I'm not talking about the make or type of a car. What I meant was that a 1:10 pan car was not even close to scale of a 1:1 GTP car. The 1:10 pan car would be way too wide if it were made full scale.

When Touring came onto the scene the cars were narrower and were closer to scale of its full scale counterpart.
OK, then your argument re: more scale or not dies on arrival because you can't point to "scale of what". I'm active in 1/32 scale model racing (a branch of "slot cars" and am FAR in preference to what is scale vs. what handles better/goes faster so this is FAR from an academic debate to me.

I had taken a break from RC when TC arrived so I can't answer to whether they were closer to scale or not. If they were, it seems they've jumped off the same slippery slope because I'd estimate they're now significantly further from scale than the 1/10 pan cars I remember from the early '90's...and to Cypress' point, gosh I miss 'em!!

Quote:
Originally Posted by Apex
...And cornering a 15 minute heat wouldn't be too bad. Don't gas guys do 30 mins to 1 hour in the mains??? Honestly, I don't even want to corner a 5 min heat.
Cornering one main vs. three such heats and a main are completely different animals. Plus, typically the gas guys are cornering other gas guys so there's generally parity as to how much each guy is cornering (at least in the heats). At least that's how it was when I raced 1/8 onroad back then and how it more or less works out racing 1/8 buggies this past summer. What we ended up with trying to make the "Long Distance" class work was that there was only one heat of LD so at BEST someone who was racing 8-min 1/12 heats was "stuck" cornering the 15-min LD heats. At worst (and it did happen) some poor schmoe TC hack was stuck cornering the 15-min LD heat after his 5-minute TC heat. 15-minute heats were fun (and easily feasible with "mere" 3800 batteries) but in reality whoever was ahead at the 8 minute mark was generally who was ahead after 15. It didn't "settle" anything but got more wheel time for the participants.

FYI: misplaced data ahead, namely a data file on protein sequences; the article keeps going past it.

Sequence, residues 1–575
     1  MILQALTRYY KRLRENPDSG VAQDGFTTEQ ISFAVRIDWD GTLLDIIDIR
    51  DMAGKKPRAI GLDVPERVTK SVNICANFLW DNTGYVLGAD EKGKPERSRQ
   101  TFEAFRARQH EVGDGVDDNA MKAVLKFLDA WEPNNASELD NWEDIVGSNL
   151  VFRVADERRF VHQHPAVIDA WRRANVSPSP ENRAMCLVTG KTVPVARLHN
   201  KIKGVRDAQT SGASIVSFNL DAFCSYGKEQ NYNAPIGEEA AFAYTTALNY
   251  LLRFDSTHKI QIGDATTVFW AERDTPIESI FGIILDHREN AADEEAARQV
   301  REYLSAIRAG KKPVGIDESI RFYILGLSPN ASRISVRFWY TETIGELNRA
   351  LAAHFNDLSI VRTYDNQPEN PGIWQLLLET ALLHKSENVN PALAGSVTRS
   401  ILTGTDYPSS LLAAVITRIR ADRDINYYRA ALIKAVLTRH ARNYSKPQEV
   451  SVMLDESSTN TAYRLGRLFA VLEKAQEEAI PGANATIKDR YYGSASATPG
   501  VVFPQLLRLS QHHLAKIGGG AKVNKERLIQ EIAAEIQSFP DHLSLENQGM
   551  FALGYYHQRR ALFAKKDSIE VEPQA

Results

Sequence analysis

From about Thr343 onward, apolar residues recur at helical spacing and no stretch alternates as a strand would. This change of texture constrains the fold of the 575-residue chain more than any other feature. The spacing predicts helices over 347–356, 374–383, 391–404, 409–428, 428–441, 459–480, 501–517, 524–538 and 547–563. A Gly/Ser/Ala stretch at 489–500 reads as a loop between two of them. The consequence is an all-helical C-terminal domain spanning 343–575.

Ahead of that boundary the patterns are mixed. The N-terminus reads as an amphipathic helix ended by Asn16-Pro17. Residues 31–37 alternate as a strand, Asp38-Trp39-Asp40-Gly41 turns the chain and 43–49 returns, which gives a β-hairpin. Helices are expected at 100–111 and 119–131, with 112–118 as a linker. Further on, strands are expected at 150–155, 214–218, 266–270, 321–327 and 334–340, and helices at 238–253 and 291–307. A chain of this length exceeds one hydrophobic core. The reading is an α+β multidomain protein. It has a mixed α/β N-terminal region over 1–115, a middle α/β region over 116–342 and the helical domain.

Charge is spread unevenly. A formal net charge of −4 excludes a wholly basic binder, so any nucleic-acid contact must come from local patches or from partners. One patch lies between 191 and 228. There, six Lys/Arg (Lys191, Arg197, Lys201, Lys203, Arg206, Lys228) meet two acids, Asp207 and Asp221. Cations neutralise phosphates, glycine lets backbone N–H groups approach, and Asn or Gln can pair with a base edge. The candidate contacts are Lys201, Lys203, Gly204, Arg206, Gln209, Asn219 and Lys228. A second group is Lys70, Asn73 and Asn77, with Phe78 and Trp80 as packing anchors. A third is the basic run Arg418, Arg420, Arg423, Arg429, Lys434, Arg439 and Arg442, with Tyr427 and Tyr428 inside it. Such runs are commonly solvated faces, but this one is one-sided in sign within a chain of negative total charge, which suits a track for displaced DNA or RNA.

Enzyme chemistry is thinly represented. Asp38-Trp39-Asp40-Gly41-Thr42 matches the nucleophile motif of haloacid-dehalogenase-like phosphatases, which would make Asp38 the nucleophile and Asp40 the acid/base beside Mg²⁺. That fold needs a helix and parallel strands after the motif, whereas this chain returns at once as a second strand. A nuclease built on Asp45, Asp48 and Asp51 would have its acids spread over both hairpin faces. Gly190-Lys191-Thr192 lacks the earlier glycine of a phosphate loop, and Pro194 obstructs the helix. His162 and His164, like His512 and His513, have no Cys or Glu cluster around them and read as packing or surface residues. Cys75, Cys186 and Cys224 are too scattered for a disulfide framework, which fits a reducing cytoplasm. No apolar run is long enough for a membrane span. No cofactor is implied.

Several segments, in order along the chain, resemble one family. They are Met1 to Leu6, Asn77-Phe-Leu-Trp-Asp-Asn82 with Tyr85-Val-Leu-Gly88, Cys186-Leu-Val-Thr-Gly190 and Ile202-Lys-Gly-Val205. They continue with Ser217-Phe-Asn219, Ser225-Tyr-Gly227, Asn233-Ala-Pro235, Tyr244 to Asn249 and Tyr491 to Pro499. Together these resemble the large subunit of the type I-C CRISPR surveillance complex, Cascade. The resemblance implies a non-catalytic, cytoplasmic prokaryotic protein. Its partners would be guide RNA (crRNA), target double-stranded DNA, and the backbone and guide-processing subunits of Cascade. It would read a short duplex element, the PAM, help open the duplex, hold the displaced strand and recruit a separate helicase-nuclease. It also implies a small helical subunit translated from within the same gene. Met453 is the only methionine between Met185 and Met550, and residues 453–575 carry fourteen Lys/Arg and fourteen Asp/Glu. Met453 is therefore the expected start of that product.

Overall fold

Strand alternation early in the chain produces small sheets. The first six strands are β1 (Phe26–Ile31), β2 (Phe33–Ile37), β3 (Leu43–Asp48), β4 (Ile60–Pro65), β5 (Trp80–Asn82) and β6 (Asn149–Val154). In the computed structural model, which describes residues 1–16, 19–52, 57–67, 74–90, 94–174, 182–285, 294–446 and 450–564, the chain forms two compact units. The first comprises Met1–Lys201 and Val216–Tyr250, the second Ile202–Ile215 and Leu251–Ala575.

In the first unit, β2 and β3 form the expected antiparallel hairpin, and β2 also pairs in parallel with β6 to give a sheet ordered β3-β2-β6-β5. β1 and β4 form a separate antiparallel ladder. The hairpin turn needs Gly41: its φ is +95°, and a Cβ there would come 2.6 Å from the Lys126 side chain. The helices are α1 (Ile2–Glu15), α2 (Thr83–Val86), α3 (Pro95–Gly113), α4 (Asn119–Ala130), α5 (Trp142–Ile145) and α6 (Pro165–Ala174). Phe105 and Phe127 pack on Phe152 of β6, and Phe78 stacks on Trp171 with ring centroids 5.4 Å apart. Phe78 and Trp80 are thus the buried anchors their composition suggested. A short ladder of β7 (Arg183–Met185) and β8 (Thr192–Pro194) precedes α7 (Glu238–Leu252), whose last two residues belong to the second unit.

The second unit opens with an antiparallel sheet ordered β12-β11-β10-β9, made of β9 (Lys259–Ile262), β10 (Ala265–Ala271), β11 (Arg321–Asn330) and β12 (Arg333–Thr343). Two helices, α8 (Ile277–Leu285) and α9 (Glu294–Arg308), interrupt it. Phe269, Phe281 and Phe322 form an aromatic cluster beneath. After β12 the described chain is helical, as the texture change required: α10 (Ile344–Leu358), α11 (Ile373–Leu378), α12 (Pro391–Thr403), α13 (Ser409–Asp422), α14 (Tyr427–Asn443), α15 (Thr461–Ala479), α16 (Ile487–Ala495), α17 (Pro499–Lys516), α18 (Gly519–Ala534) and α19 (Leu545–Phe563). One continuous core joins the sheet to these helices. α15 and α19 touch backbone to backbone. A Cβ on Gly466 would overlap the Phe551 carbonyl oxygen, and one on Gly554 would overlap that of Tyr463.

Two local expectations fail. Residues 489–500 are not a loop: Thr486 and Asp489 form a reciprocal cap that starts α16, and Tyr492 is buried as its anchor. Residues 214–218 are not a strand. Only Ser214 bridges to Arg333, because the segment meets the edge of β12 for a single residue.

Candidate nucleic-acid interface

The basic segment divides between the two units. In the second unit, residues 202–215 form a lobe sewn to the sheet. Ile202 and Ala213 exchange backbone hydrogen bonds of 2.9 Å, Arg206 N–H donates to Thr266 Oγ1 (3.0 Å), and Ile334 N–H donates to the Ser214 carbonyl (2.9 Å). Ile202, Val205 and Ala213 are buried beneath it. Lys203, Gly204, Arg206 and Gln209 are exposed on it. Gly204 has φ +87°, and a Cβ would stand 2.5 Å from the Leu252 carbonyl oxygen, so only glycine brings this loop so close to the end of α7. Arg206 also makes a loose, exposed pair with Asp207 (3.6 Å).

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Old 09-12-2006, 02:35 PM   #20503
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Quote:
Originally Posted by Apex
I'm not talking about the make or type of a car. What I meant was that a 1:10 pan car was not even close to scale of a 1:1 GTP car. The 1:10 pan car would be way too wide if it were made full scale.

When Touring came onto the scene the cars were narrower and were closer to scale of its full scale counterpart.
The Protoform Speed 12 is scale? Yeah, a 2:1 scale slot car body. Even my P-35 body has too narrow of a cabin to be scale. Why don't organizations outlaw these flat wedge bodies? Scale speed s/b no more than 16-18 mph. probably get more than that with a single lipo.

Disclaimer; Why doesn't NASCAR demand STOCK bodies as in the '70's & '80's? Show me a showroom stock Monte Carlo that's even close to the width of a Cup car.